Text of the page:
The practice of listening to music to fall asleep is a longstanding and very common one that crosses cultures. Up until recently, however, the mechanisms of how and why were not examined by scientific study.
Researchers at the Aarhus University & The Royal Academy of Music Aarhus/Aalborg in Denmark recently published a paper in PLOS ONE, an interdisciplinary journal that looks at that very question. The audio features of sleep music: Universal and subgroup characteristics was published on January 18, 2023.
Music to sleep by
Since time immemorial, parents and caregivers have sung lullabies to little ones to help them fall asleep. Nowadays, with music, more and more accessible to anyone via streaming, and a vast pool of existing recorded music, the habit of using music to help fall asleep, and even improve sleep, is more common than ever before.
But, just what characteristics in a particular piece of music help us to sleep? The answer, as it turns out, is more complicated than it seems.
The researchers used Spotify playlists compiled for sleep, more than 225,000 to be exact, in order to extract common characteristics. They compared the tracks chosen to help people sleep to the average characteristics of music in general.
To begin with, it was more often:
- Instrumental, with no lyrics;
- Performed on acoustic instruments.
Those elements coincide with most assumptions about the kind of music that would relax and help people slide into slumber. Among the usual suspects were classical gems like Debussy’s Claire de Lune, Pachelbel’s Canon in D, and Brahm’s Lullaby, along with Twinkle, Twinkle, Little Star and other nursery rhyme favourites.
At the same time, the results of the analysis included some characteristics that would seem counterintuitive. Six distinct subgroups emerged in the analysis of sleep-inducing music. The largest subgroup was Ambient music, as would be expected, which corresponded to all the expected characteristics.
- Within the other subgroups, about half the characteristics correspond with the general list above;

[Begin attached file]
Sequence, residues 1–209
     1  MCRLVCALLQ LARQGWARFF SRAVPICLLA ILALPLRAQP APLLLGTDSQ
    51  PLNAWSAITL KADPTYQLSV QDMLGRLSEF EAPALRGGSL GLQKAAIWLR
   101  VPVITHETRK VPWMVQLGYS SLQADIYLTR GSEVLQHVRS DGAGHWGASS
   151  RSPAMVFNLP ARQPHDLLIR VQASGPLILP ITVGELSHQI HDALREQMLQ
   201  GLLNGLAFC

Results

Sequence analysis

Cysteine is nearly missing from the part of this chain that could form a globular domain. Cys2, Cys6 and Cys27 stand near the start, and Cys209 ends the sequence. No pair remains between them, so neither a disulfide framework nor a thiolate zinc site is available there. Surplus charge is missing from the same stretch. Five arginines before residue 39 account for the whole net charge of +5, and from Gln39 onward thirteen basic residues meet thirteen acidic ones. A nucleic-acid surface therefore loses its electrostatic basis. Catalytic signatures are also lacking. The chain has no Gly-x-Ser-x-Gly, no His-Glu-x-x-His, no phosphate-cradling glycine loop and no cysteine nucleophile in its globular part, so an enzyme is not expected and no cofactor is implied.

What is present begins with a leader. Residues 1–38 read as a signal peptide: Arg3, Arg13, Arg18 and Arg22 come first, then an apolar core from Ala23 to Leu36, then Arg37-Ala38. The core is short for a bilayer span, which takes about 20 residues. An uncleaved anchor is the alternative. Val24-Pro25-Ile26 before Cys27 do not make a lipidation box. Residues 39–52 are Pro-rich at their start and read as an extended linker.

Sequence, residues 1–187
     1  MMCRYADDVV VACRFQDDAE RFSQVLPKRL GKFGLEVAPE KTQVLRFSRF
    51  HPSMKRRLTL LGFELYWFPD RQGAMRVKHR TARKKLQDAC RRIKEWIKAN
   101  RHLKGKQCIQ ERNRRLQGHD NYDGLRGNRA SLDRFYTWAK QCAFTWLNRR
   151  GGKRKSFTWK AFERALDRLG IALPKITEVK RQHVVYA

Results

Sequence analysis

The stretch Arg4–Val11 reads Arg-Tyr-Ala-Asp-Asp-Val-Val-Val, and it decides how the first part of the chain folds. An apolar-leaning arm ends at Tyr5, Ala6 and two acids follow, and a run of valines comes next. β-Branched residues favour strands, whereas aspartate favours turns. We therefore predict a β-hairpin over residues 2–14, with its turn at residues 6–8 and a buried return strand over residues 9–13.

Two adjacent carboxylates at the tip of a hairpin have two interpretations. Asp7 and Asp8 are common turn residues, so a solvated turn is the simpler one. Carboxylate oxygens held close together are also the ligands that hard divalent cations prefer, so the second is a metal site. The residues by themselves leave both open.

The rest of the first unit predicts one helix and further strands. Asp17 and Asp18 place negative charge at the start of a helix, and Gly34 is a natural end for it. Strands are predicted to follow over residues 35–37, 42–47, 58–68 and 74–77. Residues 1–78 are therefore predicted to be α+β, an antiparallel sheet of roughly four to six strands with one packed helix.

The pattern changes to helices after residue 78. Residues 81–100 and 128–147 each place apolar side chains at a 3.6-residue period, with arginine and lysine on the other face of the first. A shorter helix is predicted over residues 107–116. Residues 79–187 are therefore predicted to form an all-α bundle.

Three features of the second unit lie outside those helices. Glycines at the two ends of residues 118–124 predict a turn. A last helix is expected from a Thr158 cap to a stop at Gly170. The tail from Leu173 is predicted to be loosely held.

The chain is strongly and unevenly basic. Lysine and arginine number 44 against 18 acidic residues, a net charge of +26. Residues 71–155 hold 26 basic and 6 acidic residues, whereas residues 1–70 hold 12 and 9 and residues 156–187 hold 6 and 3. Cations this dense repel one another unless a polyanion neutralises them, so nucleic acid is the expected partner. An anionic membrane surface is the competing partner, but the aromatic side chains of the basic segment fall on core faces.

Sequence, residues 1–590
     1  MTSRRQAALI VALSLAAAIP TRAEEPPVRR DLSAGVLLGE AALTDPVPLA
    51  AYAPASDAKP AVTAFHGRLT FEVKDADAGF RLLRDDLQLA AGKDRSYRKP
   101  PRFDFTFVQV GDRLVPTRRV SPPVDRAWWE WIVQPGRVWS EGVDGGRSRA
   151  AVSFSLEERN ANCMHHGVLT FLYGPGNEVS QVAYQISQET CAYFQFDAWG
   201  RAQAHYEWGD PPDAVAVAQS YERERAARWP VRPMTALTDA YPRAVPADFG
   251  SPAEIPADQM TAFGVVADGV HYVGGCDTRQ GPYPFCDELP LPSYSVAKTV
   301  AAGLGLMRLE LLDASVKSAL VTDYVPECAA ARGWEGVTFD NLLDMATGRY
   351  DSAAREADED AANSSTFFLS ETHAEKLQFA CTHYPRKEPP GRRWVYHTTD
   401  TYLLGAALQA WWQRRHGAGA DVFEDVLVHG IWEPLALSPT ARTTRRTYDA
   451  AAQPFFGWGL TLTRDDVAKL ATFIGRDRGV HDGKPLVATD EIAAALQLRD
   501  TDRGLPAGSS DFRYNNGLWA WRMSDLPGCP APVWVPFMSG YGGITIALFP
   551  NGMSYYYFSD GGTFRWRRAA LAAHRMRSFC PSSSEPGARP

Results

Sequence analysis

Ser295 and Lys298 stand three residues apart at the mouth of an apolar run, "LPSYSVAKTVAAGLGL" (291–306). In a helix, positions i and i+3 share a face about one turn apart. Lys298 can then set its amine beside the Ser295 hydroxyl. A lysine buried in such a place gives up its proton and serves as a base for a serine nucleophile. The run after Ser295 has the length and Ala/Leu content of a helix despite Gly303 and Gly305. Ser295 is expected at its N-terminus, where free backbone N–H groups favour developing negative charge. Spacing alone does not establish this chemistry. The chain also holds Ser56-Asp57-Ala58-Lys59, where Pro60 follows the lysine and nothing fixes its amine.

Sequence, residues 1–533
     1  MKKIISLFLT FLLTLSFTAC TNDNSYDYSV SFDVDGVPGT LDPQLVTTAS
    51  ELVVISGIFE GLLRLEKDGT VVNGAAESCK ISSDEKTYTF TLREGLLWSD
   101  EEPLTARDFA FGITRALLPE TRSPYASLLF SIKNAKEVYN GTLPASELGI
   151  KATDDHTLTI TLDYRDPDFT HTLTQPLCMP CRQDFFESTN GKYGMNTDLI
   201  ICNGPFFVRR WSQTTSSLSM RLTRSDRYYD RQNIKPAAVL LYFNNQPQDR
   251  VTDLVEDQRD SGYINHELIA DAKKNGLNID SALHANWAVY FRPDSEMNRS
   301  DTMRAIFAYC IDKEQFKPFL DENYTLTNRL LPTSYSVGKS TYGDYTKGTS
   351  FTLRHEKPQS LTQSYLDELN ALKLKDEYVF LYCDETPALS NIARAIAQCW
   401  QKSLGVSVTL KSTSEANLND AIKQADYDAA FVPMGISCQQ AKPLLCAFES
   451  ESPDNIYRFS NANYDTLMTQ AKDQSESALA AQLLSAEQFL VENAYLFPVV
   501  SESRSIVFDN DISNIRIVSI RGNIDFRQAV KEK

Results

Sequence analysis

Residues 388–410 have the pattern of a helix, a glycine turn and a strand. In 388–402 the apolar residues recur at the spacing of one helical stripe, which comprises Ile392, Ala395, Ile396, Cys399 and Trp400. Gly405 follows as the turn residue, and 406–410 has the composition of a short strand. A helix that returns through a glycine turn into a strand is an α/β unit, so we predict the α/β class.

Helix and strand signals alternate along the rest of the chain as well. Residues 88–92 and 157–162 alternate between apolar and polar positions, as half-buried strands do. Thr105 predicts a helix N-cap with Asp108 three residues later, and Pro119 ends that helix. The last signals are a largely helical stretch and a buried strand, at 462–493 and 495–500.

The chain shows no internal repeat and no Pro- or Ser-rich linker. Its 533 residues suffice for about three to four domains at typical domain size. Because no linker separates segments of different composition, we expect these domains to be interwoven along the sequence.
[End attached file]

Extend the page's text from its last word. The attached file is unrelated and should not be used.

- The other half diverges from them in various ways, including scoring higher in energy, and lower in what they called ‘instrumentalness‘ (i.e. more vocal tracks, as opposed to strictly instrumental);
- Three of the subgroups included fast, energetic, and even louder than the average;
- Those subgroups consisted of popular and well-known tracks.
The higher energy, danceable tracks (the most popular of which was Dynamite by K-pop band BTS), tended to be medium-low tempo, often with half-time speeds, and an emphasis on melody with spare instrumental arrangements.
Familiarity breeds relaxation
In addition, people’s motivations for listening to music when they sleep also incorporated four different subgroups.
- To switch from their current state of mind;
- To feel safe and secure;
- To distract from pressing thoughts and concerns;
- As a habitual part of bedtime ritual.
The researchers posed the theory that it was the familiarity of the tracks that made them suitable for sleeping and relaxation. Predictive coding is one of the more popular theories of brain function. It means that your brain is constantly predicting what will happen next, based on the sensory input it receives. If something happens that’s different from the prediction, we pay more attention, as the brain processes it for future reference.
When a piece of music (or other stimuli) becomes more and more familiar, we pay less and less attention, and our energy level drops. That may lead to relaxation, although the study’s authors stress that the theory has yet to be tested.
Why is it important?
The end goal of the study wasn’t idle curiosity. A better understanding of the varied ways that music can help people to sleep adds to our overall understanding of the ways that music can modify human behaviour.
There are implications for expanding the use of music not only in therapy but for everyday use. Lack of sleep, and poor quality of sleep, are common problems in today’s fast-paced society. Music can be an effective way to help.
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